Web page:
Are forest soils a carbon sink? - Mathieu Jonard (Catholic University of Louvain) takes the floor



Soils play an important role in climate regulation. They store considerable amounts of carbon in the form of organic matter, which, if increased by only 4/1000 a year, could possible stop the increase in atmospheric CO2 concentrations. Inversely, decreasing organic matter in the soil could accelerate climate change.

Many countries, including France, have shown their commitment to reducing greenhouse gas (GHG) emissions by signing the Kyoto protocol, and more recently the 2015 Paris Agreement, in the framework of international negotiations on climate change. To prove that they are honouring their commitments, signatory countries must track their emissions. For the 2008-2012 period, France committed to reducing its GHG emissions by 5% compared to 1990 levels and chose to incorporate forestry in their calculations, based on the assumption (unproven to date) that forest soils were either neutral or positive carbon sinks.

In this light, results from the first repeated soil samples taken at a 15-year interval on the 102 RENECOFOR plots were analysed. The objective of the study, supported by the Ministry in charge of Agriculture, aimed to detect and quantify the changes that had taken place in the organic carbon stocks found in the forest soils and litter. Two approaches were used to try to understand the causes of the observed changes: a statistical procedure to select explanatory factors, and an estimated carbon status report based on incoming and outgoing fluxes.

Soil data were collected during two sampling campaigns, one between 1993 and 1995, and the second between 2007 and 2012. On each plot, five square sub-plots were set up (one in the centre and four near the edges of the plot). Each sub-plot was further divided using an overlay grid to determine 16 nodes, five of which were chosen for sampling to guarantee good spatial distribution. For each soil layer, a composite sample was created by combining the soil in that layer from the five sub-plot samples. This sampling design made it possible to quantify intra-plot variability and to reveal possible changes over time at the plot scale. Depending on the sampling campaign and the plot, soil samples contained four to six layers. Up to three layers were described for forest floor litter; then the underlying mineral soil was sampled in successive pre-determined layers: 0-10cm, 10-20cm, and 20-40cm.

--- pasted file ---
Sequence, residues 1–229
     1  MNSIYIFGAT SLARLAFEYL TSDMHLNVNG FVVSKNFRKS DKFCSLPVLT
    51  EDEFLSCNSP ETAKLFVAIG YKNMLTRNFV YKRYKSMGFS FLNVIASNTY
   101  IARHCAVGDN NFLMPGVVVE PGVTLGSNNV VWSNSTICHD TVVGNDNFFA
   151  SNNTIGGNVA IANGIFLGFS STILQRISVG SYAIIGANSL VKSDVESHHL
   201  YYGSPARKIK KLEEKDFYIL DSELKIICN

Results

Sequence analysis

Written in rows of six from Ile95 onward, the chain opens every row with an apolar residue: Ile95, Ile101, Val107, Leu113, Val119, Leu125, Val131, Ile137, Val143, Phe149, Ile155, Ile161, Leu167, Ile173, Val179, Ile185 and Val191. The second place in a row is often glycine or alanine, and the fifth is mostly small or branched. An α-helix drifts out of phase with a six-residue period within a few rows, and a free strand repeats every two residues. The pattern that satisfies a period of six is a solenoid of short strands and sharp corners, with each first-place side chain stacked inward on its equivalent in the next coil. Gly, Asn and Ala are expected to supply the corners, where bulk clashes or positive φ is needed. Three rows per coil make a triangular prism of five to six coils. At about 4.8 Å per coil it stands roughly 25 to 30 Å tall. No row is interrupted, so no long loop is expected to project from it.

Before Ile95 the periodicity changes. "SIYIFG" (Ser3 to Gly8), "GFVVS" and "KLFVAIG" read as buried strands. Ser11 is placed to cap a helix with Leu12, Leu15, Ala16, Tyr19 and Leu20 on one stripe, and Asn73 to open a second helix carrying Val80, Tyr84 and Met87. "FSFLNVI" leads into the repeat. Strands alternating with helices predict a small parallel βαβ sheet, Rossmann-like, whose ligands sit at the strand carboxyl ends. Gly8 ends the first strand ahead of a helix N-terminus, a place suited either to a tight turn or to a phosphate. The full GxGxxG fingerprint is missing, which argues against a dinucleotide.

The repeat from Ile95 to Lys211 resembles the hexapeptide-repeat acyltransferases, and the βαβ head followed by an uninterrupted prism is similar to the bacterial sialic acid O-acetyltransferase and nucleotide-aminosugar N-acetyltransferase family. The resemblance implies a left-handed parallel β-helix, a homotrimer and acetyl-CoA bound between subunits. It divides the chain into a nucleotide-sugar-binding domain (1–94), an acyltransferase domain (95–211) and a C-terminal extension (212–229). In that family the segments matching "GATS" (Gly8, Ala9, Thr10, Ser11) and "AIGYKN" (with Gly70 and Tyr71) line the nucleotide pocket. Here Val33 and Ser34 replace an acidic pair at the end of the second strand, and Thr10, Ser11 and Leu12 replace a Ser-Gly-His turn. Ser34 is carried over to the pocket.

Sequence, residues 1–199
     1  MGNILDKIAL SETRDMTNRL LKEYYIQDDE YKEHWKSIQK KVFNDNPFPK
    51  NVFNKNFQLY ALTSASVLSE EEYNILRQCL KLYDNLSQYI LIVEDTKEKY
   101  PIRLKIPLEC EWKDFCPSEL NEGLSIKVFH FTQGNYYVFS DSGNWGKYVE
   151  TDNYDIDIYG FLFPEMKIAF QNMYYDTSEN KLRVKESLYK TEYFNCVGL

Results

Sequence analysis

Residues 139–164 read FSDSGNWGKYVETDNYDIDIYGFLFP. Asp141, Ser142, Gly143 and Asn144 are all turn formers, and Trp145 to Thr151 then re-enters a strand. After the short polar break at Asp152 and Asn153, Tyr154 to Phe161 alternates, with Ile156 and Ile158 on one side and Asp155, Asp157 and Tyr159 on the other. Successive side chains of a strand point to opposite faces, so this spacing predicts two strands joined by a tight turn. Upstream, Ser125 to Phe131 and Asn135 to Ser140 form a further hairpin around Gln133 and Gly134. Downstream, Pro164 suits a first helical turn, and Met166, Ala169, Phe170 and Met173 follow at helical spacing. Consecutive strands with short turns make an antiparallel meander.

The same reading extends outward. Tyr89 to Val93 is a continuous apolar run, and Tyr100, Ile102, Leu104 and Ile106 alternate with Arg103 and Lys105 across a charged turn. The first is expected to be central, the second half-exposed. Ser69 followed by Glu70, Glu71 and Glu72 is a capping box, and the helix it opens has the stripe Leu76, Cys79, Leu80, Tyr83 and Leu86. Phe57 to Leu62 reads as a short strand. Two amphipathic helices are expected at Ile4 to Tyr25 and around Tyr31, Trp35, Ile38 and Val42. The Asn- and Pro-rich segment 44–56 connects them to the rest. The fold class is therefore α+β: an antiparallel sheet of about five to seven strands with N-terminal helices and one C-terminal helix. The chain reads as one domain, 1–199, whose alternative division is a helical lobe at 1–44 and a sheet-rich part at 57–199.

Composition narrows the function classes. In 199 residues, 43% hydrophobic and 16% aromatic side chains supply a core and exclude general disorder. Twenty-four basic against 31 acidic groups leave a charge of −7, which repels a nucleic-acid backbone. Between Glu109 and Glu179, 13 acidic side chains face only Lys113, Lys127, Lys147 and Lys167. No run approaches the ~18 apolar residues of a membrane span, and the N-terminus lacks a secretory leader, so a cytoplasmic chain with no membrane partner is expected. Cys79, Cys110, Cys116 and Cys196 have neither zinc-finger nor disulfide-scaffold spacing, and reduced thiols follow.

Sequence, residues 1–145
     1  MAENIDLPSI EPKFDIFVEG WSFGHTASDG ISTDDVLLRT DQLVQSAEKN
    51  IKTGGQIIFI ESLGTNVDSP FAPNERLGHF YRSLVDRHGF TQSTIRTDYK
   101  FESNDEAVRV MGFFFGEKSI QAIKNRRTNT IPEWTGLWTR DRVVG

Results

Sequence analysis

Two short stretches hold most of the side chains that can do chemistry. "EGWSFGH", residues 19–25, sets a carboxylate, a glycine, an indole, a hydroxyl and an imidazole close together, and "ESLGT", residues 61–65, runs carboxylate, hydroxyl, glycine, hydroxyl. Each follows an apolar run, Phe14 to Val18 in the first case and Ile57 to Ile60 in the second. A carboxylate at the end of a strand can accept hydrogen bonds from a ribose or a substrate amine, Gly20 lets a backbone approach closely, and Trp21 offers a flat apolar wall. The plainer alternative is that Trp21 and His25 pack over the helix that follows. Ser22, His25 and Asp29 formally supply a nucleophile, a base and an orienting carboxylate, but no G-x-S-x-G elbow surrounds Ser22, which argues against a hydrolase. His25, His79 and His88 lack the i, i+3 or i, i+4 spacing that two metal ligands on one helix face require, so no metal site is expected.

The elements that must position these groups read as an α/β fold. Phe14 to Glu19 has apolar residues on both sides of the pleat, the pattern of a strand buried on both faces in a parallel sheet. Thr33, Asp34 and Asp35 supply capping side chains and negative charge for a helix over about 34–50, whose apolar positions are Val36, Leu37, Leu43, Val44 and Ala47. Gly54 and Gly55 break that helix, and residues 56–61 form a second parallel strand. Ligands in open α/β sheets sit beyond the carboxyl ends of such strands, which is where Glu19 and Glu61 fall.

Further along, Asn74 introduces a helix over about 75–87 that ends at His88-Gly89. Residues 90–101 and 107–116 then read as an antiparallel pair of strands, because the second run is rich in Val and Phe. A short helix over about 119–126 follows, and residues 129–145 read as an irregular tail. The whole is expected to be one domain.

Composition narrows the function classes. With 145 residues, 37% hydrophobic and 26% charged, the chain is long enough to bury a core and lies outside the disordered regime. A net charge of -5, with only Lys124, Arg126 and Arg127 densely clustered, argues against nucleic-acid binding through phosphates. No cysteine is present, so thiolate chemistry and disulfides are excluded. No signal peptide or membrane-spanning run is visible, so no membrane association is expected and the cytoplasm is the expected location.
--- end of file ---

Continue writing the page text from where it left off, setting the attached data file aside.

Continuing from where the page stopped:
Laboratory analysis methods were the same for both sampling campaigns. Organic carbon content was determined by dry combustion (after removing carbonates) for the litter layers and the first mineral layer (0-10 cm), and by the Anne method for the other mineral layers (10-20 cm and 20-40 cm). Total carbon content for the litter layers was calculated by multiplying the mass of each layer by its organic carbon content, then by adding the results for all the layers. For the mineral layers, organic carbon content was calculated according to the apparent density of the soil layer while the percentage of coarse elements was accounted for.

Since the time between the two sampling campaigns varied from one plot to another, statistical analyses were carried out on the differences in carbon stocks between the two campaigns proportionate to the time elapsed. Annual variations in carbon stocks were significant only for the litter layers, the 0-10 cm soil layer and total stocks (see Table below). The variations were positive, thus indicating that carbon sequestration took place, reaching 0.35 tC per ha per year, which, in terms of soil carbon sequestration, equates to around 4/1000. Assuming that forest soils throughout France have gone through comparable changes, this results in a carbon sink equal to approximately 5% of the GHG emissions due to the use of fossil fuels in France.

Soil organic carbon stock and its annual average variation, by layer. The changes are significant if the probability P is less than 0.05 (in bold).
Soil organic carbon stock and its annual average variation, by layer. The changes are significant if the probability P is less than 0.05 (in bold).

To identify the factors explaining the variability in carbon sequestration rates among the plots in the network, a selection methodology was applied to a series of 34 potential explanatory variables; two factors were highlighted: stand age and stand structure.
Soil carbon sequestration rates slow down as the stand ages and are higher in irregular than in regular (even-aged) stands. However, these two factors combined explain only 14% of the variability. This small proportion is due to high within-plot variations in soil carbon sequestration. In addition, stand age effect could have been confounded by a possible species effect or an effect due to how long the plot had been forested: in the data set, softwood stands were on average younger and, in terms of historic land use, appeared later than hardwood stands. These results do suggest, however, that forest management practices may have an effect on soil carbon sequestration.